I need to admit something up top here. I think I wrote this piece because it includes some of my all time favorite folk music — played by the original people. The final one, “Everything’s Fine Right Now” was a love song from me to my baby in 1969 when my big tall adult was a little, funny kid. So if you don’t feel like reading this, don’t … but play the music. It’s great music. I think that may really be what the world needs more of. Folk music. Lots of it.

When I started writing Serendipity five years ago, I was enthusiastic and full of energy. Undisciplined. All over the place. Writing too much, leaping from subject to subject. Angry one day, mellow the next. Ranting about the wrongs of the world and how we needed to fix everything. I think I knew more when I was younger. I even ranted about philosophy. Imagine that.

And then I just dropped everything and took pictures of autumn leaves.

I was so passionate I probably contradicted myself a dozen time a week, but who was counting?

Parkland along the canal

A hideous election that completely altered my world view — and massive heart surgery — and now, I am living in my nightmare world. I expect awful things and to no ones surprise, that’s what we get. Because somehow, through the perfect storm of politics, we elected the worst possible president and now we are living under his … tweets.

I remember 2012, when I was full-bore into the election and all the positive change I expected to see. The election ended. Gridlock began. The air went out of my bubble. Life got grim and rather ugly. I got sick. I didn’t want to get down in the trenches and duke it out with people with whom I disagreed. I didn’t feel like bothering to call out the crazies for being crazy. I wanted to hear music. Not new music. Old music.

As we head into elections in 2018, we need to be much smarter. Less passionate, more intelligent. Anyone who still thinks voting has nothing to do with them is beyond help. Let’s find people we can help. Let’s give up on all those people who live in a state of blind hate. They aren’t going to change and we will never convince them of anything. More than half the people I hear from are irrational, stupid, and fascist. We aren’t going to bring them to our side. They don’t have a side. They simply hate.

How do you talk to people who are completely irrational? Who don’t care whether what they believe is true or not? People who think their personal feelings are more important than truth? Any truth?

Meanwhile, there’s music.

The current future looks a little bleak. I have started to discover where the cuts to Medicare are. I can’t afford my drugs. I could barely afford them last year, but it’s just February and I’m not optimistic about the upcoming year.  I hope I live to see this disaster end.

I want to move back to the United States. I’m pretty sure — this ain’t it. Are you hearing Phil Ochs singing “I ain’t marching anymore …” Are you wondering where have all the flowers gone?

Categories: American history, Election, Music, Photography, Politics

Tags: , , , , , , , ,

11 replies

  1. Our younger son was born in 1969 too. We grew up in an era of protest. It’s encouraging to see the young people of Florida take a firm stand on guns. I hope they don’t give up because at some point their point will hit home.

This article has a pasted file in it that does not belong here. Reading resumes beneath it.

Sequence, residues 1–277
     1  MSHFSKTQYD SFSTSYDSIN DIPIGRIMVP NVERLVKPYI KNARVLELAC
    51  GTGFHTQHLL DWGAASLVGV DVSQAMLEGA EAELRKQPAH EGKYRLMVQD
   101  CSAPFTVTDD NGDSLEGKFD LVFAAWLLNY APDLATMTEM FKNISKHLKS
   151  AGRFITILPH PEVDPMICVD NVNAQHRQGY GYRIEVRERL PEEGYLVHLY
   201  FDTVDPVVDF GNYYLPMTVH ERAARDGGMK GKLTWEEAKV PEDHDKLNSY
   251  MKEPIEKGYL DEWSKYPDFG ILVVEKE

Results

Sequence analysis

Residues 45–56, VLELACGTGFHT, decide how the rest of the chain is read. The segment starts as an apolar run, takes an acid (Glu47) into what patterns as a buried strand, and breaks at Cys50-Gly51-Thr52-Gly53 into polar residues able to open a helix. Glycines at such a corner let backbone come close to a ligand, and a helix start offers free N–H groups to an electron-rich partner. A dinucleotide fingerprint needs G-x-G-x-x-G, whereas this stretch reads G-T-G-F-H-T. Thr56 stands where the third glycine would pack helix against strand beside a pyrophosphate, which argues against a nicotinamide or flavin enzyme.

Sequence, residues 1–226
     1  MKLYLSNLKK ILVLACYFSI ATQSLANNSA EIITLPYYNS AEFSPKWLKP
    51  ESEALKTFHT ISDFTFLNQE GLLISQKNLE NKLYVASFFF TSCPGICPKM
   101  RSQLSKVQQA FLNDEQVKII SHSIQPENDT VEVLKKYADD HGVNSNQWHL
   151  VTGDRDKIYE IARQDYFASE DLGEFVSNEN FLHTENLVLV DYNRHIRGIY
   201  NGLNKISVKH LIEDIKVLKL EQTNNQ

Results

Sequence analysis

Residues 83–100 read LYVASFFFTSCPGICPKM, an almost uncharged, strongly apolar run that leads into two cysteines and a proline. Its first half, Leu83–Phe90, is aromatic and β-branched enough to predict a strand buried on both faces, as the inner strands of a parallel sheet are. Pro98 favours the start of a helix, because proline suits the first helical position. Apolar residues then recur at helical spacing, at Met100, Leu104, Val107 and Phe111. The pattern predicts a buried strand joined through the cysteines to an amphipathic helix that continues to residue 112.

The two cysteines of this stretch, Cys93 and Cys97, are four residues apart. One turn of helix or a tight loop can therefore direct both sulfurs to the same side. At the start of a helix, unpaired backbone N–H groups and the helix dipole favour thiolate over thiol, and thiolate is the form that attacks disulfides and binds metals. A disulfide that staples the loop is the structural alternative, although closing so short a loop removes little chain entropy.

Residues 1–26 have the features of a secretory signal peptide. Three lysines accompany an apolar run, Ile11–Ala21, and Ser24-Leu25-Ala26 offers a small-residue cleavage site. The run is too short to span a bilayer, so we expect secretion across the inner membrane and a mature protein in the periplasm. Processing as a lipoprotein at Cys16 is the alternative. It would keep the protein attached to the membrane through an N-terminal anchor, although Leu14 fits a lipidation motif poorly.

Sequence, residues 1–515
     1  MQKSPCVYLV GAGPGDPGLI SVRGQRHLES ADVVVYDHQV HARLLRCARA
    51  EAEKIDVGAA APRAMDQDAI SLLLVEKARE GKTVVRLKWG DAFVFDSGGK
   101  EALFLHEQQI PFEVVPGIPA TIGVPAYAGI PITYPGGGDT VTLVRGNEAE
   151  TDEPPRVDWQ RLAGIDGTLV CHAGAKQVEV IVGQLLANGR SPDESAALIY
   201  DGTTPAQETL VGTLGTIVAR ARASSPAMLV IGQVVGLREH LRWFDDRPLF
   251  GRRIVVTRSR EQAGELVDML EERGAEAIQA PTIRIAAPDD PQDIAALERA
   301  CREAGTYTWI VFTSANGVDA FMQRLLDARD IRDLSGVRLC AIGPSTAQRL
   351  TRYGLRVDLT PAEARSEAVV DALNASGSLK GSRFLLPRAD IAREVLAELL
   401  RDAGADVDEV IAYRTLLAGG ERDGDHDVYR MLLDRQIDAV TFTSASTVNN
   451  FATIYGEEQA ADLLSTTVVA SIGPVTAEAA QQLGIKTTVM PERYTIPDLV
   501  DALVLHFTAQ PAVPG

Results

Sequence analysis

• And those kids will be voting age SOON. If they aren’t ready in 2018, they WILL be ready in 2020.


    • Leslie, “Woodstock” was one of my big assignments in ’69. I was a young reporter/editor at ABC Network News in NYC. What a memorable year!

      My middle Brother, Billy, attended Woodstock. He was really into the music and the (counter) culture. Billy played a mean guitar then. Still does but now at church services.

      Liked by 1 person

  2. The song is as beautiful as the leaves. Absolutely loved it!

    Liked by 1 person

    • Garry has a real “thing” for her voice. It’s hard not to. Even now, though she doesn’t have the high soprano she had when younger, she can still make the song come alive.

      Liked by 2 people

      • Yes, I was (and still am) a Joan Baez fan. I attended her first big concert at the Mosque Theater in New Jersey in 1969. She had just recorded “Joan Baez-Vol 1” and sang many of the songs from the album at that concert. I was enthralled! (I still have the program from that ’69 concert).


        • Phil Ochs makes me weep. Sad, sad, fella. And of course Joan Baez. I got her first album when I was in college (and still have it)–I can’t sing anymore, but I can still hum, and keep time =)


          • Phil Ochs was depressed, though I suppose he had good reason to be. I can’t imagine he’d have survived Trump anyway. I’m not sure I’M going to survive either. Garry was a very big Baez fan from very early on. I was too, but that was partly because I sort of looked like her when I was 16 and 17. Then I changed …


  3. I love John Prine. Particularly fond of Sam Stone and Spanish Pipedream:
    She was a level-headed dancer on the road to alcohol
    And I was just a soldier on my way to Montreal


    • I love him too. He had a major mishap with cancer and doesn’t seem to have quite pulled himself back together. It cut his career very short. A big pity. It wasn’t just singing. It was those great words.

      Liked by 1 person

      • I remember how I felt when I first heard “Where Have All The Flowers Gone?”. Young, full of life, ambitious and ready to tackle the world to make a difference.

        I still love the song and its lyrics…….. but time has just about had its way with me.


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